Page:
There are no specific guidelines regarding fertility counseling and fertility preservation in women with cancer diagnosed during pregnancy. Partly due to lack of knowledge regarding fertility preservation methods and partly because of the ongoing pregnancy at time of diagnosis, some health care professionals may neglect the fact, that women who were diagnosed with cancer during pregnancy may yearn for more children after recovery [104]. Consequently, a large proportion of cancer patients of fertile age were not referred to a fertility specialists to discuss fertility issues before undergoing oncological treatment [104,105]. This had detrimental long-term effects on the psychological well-being of affected women [92]. According to current guidelines regarding fertility preservation of young oncological patients, all women who did not accomplish the family planning before treatment should be referred to a specialist for reproductive medicine for individual counseling [104,105,106].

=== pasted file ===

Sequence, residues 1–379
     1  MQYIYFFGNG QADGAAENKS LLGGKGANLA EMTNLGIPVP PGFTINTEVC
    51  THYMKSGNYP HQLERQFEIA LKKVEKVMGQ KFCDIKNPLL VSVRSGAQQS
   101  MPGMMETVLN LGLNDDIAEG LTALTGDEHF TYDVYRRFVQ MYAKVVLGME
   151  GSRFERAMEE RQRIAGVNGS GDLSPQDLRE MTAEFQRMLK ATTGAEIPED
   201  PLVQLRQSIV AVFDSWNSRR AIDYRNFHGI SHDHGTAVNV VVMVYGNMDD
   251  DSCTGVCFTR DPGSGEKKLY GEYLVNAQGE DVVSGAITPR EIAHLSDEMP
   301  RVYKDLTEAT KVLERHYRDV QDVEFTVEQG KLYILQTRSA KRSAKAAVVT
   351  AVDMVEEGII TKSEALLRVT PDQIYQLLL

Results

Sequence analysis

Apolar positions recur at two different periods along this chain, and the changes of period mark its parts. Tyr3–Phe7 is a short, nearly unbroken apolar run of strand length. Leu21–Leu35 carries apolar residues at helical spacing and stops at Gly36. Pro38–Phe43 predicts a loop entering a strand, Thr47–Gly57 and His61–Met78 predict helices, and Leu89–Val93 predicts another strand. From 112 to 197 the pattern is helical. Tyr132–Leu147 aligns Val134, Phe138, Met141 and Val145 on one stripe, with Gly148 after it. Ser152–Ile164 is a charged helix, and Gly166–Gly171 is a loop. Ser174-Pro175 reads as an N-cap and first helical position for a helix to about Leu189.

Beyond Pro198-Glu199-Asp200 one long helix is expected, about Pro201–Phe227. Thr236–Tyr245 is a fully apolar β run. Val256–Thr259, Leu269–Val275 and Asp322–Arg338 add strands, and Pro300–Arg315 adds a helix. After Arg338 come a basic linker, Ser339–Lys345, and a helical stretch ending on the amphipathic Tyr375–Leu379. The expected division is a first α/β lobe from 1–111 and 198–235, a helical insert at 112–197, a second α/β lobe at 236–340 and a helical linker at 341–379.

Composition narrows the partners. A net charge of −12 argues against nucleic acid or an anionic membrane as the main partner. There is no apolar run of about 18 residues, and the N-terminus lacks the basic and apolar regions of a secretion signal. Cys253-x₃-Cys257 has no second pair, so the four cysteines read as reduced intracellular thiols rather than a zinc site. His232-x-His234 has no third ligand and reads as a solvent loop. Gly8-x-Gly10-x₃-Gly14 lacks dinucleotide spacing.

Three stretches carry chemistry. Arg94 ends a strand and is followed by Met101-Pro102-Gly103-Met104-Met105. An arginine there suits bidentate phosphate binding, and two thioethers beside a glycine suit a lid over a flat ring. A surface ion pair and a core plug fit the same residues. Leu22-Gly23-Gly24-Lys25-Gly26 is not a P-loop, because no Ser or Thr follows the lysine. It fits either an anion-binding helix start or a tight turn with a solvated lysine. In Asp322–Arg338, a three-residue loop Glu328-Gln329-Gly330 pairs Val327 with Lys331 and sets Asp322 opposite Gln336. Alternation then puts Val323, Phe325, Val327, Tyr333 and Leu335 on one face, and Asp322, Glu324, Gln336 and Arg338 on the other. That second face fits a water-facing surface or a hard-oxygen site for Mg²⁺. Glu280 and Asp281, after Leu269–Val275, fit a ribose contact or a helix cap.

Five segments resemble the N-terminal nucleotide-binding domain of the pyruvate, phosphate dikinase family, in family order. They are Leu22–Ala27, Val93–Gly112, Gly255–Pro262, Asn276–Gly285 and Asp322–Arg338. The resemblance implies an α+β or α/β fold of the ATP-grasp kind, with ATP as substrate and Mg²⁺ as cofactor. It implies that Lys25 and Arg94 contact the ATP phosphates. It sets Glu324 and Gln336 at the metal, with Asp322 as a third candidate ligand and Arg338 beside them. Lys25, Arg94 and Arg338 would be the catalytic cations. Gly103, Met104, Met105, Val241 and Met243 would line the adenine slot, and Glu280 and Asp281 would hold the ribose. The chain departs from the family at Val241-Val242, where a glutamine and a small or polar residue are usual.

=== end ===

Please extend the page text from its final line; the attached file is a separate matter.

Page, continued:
Unfortunately, standard fertility preservation methods, such as cryo-preservation of fertilized or unfertilized oocytes, as well as cryo-preservation of ovarian tissue, are usually not feasible during pregnancy. However, other side effects of gonadotoxic treatment, such as symptoms of hormonal deficiency, sexual dysfunctions and mood disorders should be evaluated. After birth, an assessment of the residual reproductive capacity, as well as a re-evaluation of fertility preservation options should be offered [107], depending on the wishes of the women and on the current state of oncological treatment. In case of depletion of ovarian reserve due to cancer treatment and if oncologically safe, hormone replacement therapy should be initiated, as it reduces negative short-term and long-term effects of premature menopause, such as sleep disorders, mood changes and sexual problems [100].

5. Psychological Impact of Cancer in Pregnancy